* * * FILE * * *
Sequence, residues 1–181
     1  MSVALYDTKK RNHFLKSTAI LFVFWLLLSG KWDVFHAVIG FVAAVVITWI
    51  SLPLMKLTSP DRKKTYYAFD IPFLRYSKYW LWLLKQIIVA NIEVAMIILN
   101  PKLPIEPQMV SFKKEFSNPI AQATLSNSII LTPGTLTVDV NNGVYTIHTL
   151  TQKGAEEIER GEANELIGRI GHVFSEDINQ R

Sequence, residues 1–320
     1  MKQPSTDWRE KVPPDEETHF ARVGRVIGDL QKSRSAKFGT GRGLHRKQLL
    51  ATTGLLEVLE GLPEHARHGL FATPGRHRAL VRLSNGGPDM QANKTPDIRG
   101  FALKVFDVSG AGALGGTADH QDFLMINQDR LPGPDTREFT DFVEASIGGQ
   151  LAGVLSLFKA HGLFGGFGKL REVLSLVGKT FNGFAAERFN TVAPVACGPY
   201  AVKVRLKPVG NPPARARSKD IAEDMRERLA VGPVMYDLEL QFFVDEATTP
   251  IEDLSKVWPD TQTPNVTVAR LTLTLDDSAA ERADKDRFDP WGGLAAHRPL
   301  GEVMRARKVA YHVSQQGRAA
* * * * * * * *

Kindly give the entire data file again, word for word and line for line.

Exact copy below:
Sequence, residues 1–181
     1  MSVALYDTKK RNHFLKSTAI LFVFWLLLSG KWDVFHAVIG FVAAVVITWI
    51  SLPLMKLTSP DRKKTYYAFD IPFLRYSKYW LWLLKQIIVA NIEVAMIILN
   101  PKLPIEPQMV SFKKEFSNPI AQATLSNSII LTPGTLTVDV NNGVYTIHTL
   151  TQKGAEEIER GEANELIGRI GHVFSEDINQ R

Sequence, residues 1–320
     1  MKQPSTDWRE KVPPDEETHF ARVGRVIGDL QKSRSAKFGT GRGLHRKQLL
    51  ATTGLLEVLE GLPEHARHGL FATPGRHRAL VRLSNGGPDM QANKTPDIRG
   101  FALKVFDVSG AGALGGTADH QDFLMINQDR LPGPDTREFT DFVEASIGGQ
   151  LAGVLSLFKA HGLFGGFGKL REVLSLVGKT FNGFAAERFN TVAPVACGPY
   201  AVKVRLKPVG NPPARARSKD IAEDMRERLA VGPVMYDLEL QFFVDEATTP
   251  IEDLSKVWPD TQTPNVTVAR LTLTLDDSAA ERADKDRFDP WGGLAAHRPL
   301  GEVMRARKVA YHVSQQGRAA